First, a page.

best actor

2019 Oscars: Best Actress and Best Actor in a Leading Role Nominees

The Academy of Motion Picture Arts and Sciences have announced the nominees for the 91st annual Academy Awards, to be given out during ABC’s televised ceremony on Sunday, February 24. The Oscars will cap off a months-long awards season featuring industry veterans, newcomers, and as always, endless debates about who deserves to go home with the golden statue.

New York Film Academy (NYFA) takes a closer look at this year’s Academy Award nominees for Best Actress and Best Actor in a Leading Role:

2019 Oscars

Yalitza Aparicio, Roma

This is not only the first Oscar nomination for Yalitza Aparicio — it’s her first role as an actress, period. Previously, she has pursued a career in early childhood education. The 24-year-old lead in Alfonso Cuarón’s Roma is the first Indigenous woman (her parents are Mixtec and Triqui) and second Mexican woman ever to receive a nomination in the category. While her father is Mixtec, Aparicio had to learn the language for her role in Roma.

Glenn Close, The Wife

Glenn Close has never won an Academy Award to date, despite being nominated six previous times, including three years in a row in the early 1980s. The NYFA guest speaker has been recognized by the Academy for her roles in The World According to Garp, The Big Chill, The Natural, Fatal Attraction, Dangerous Liaisons, and Albert Nobbs. Close has already won the Golden Globe and SAG Award for her role in The Wife.

Olivia Colman, The Favourite

English actress Olivia Colman started her career in comedy, including roles in Peep Show, Look Around You, and Hot Fuzz. She began receiving critical acclaim for her dramatic acting after numerous nominations and awards for her role in Tyrannosaur in 2011, followed by the smash television series Broadchurch in 2014. This is Colman’s first Academy Award nomination.

Lady Gaga, A Star Is Born

Lady Gaga was already one of the world’s biggest pop stars when she started acting in films like Machete Kills and Sin City: A Dame to Kill For and the television series American Horror Story. She was still somewhat of a surprise casting choice by director Bradley Cooper for the lead role in A Star is Born, however. Gaga, born Stefani Germanotta, was previously nominated by the Academy for Best Song for the 2015 film The Hunting Ground and is additionally nominated in that category again this year for “Shallow.”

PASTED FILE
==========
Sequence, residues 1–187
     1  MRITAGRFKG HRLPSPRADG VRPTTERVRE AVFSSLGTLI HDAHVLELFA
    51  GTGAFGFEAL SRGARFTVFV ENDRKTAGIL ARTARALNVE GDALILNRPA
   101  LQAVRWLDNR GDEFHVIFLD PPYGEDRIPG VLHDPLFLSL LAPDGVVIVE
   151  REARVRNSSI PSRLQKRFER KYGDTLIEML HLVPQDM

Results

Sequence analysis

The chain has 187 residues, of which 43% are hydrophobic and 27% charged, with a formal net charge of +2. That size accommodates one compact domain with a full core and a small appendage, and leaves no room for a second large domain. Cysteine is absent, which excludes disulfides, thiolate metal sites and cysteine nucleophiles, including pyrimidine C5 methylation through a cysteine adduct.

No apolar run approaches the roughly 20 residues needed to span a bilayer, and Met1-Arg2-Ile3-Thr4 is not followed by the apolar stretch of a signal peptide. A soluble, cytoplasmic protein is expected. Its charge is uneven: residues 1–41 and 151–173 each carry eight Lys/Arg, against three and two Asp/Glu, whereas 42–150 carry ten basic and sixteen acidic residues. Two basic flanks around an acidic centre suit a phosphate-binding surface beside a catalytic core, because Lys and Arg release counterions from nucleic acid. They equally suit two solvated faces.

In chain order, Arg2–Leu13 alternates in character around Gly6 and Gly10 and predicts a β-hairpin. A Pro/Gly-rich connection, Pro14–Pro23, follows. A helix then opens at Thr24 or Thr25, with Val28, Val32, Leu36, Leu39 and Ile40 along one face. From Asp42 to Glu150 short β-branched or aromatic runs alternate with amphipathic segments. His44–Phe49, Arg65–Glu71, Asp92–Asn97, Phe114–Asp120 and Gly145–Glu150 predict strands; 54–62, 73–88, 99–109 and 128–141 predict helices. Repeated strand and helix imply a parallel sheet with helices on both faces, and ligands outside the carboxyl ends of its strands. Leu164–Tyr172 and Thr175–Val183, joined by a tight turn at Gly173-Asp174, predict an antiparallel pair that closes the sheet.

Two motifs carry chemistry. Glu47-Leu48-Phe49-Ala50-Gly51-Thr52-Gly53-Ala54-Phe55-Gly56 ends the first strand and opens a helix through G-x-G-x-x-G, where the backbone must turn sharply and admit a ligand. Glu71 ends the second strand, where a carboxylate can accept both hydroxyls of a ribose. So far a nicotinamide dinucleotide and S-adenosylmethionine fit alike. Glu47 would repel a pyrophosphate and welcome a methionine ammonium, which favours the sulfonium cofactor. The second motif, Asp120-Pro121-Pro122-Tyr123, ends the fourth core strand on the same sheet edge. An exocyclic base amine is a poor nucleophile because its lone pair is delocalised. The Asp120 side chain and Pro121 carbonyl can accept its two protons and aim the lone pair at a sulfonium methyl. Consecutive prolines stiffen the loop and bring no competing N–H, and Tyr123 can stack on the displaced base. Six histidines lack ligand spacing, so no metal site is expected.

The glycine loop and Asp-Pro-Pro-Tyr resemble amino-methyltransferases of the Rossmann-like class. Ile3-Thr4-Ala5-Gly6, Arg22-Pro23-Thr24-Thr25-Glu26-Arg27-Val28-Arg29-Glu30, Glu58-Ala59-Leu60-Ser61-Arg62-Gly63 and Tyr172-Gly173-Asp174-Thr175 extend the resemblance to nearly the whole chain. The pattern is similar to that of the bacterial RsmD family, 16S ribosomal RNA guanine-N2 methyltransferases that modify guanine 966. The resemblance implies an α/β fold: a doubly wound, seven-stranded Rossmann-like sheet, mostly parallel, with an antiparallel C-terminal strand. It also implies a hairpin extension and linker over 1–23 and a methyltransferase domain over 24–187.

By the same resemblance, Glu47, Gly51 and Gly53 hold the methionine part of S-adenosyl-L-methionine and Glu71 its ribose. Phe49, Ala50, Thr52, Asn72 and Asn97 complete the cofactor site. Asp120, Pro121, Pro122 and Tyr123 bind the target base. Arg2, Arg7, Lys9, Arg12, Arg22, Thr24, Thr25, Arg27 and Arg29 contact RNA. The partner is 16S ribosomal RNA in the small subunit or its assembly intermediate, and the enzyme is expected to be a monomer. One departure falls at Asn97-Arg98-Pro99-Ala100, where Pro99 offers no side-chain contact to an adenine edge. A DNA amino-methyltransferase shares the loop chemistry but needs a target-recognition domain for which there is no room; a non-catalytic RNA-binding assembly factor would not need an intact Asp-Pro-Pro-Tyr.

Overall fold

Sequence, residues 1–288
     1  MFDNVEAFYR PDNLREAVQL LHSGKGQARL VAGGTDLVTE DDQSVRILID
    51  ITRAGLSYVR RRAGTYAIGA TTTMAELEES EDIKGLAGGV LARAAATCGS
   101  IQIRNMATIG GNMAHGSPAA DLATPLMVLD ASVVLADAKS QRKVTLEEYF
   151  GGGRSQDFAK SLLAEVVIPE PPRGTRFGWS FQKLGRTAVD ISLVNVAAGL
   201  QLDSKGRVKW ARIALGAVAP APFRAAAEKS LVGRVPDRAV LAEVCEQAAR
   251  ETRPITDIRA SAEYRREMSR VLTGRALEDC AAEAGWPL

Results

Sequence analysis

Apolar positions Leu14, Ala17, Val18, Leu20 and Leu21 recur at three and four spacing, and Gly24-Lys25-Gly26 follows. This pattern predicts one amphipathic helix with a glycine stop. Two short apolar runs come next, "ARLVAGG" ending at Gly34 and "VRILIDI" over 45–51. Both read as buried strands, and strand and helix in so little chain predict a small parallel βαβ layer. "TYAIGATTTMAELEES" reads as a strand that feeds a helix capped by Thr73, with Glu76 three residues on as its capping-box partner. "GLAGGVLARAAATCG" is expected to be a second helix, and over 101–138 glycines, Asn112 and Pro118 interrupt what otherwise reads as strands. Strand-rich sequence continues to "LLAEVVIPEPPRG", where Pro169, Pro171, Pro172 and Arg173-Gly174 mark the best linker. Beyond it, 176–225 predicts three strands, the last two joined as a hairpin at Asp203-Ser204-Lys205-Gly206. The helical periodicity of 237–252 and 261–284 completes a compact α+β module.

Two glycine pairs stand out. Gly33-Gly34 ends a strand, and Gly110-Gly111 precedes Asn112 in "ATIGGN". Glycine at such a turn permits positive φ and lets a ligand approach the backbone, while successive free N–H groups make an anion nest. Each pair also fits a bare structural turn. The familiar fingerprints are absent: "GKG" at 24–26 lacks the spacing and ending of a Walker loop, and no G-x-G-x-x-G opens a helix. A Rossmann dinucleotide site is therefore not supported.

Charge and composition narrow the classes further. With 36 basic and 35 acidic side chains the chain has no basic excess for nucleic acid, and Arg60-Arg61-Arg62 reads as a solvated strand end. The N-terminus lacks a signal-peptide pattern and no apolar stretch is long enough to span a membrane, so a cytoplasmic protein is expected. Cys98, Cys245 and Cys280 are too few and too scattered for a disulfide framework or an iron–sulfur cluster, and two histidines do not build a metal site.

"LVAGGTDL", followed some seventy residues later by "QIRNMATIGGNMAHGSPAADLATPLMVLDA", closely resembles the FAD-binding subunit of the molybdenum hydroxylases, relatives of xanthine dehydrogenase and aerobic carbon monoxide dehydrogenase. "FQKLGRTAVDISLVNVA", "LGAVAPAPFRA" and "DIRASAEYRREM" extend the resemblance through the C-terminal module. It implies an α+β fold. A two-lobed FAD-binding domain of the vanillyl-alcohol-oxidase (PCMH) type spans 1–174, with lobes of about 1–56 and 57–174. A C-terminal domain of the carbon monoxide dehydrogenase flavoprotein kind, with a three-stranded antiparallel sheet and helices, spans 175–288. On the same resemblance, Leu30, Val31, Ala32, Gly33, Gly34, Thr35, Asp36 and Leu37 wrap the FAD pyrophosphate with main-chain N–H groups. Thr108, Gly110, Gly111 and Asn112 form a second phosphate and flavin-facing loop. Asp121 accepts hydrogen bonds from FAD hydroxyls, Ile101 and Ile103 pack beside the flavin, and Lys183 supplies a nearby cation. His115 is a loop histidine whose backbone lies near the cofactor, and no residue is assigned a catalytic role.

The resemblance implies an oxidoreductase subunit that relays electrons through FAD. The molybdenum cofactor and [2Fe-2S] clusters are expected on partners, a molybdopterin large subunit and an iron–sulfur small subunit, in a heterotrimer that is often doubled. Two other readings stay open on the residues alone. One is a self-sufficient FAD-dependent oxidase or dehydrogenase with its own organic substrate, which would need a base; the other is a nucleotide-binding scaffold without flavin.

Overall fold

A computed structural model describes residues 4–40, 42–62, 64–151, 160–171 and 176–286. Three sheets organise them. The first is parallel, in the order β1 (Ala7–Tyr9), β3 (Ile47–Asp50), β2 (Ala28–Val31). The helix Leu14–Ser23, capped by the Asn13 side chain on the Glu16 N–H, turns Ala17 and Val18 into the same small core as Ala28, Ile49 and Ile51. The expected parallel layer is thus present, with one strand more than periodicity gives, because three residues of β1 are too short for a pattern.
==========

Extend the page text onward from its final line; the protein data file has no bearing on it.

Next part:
Melissa McCarthy, Can You Ever Forgive Me?

Melissa McCarthy’s first Oscar nomination for acting came in 2011 for her star-making turn in Bridesmaids, a rare honor for a purely comedic role. This year, her lead role in Can You Ever Forgive Me? as real-life writer Lee Israel is a more traditionally dramatic one, and has earned McCarthy an abundance of praise. Other credits for McCarthy include Spy, Identity Thief, Ghostbusters (2016), and the television series Mike & Molly.

2019 Oscars

Christian Bale, Vice

Method actor Christian Bale is barely recognizable in his prosthetic-assisted role as former Vice President Dick Cheney. Bale previously won the Oscar for his first nomination — Best Performance by an Actor in a Supporting Role for David O. Russell’s The Fighter. He was nominated in the category again for 2015’s The Big Short, by Vice writer/director Adam McKay. Bale was also nominated in this category for his lead role in  Russell’s 2013 film, American Hustle.

Bradley Cooper, A Star Is Born

Bradley Cooper wears many hats for the latest remake of Hollywood classic A Star is Born — and he’s been nominated for several of these roles. Cooper has previously been nominated for his leading performance in David O. Russell’s Silver Linings Playbook and supporting performance in Russell’s American Hustle, as well as for his lead role in Clint Eastwood’s American Sniper. Cooper also has a Best Picture nomination for American Sniper for his role as producer, and is additionally nominated this year for Best Adapted Screenplay and Best Picture.

Willem Dafoe, At Eternity’s Gate

Veteran actor Willem Dafoe has been nominated three previous times by the Academy, including last year for his supporting role in indie hit The Florida Project. He was also nominated in the Best Performance by an Actor in a Supporting Role category for his roles in 2001’s Shadow of the Vampire and 1987’s Platoon. His portrayal of Vincent Van Gogh is his first Oscar nomination for a leading role.

Rami Malek, Bohemian Rhapsody

This is the first Oscar nomination for Rami Malek, who plays rock legend Freddie Mercury in biopic and Best Picture nominee Bohemian Rhapsody. His breakout role came in 2015 for the USA series Mr. Robot, though he’d earned several high-profile roles before then. His credits include Night at the Museum, 24, The Pacific, Battleship, The Legend of Korra, The Master, and The Twilight Saga: Breaking Dawn – Part 2.

Viggo Mortensen, Green Book

Viggo Mortensen has been nominated twice before, both in the Leading Role category just as this year, for starring in Captain Fantastic and Eastern Promises. He famously played Aragorn in Peter Jackson’s groundbreaking The Lord of the Rings trilogy. His Green Book co-star, Mahershala Ali, is nominated this year for Best Supporting Actor.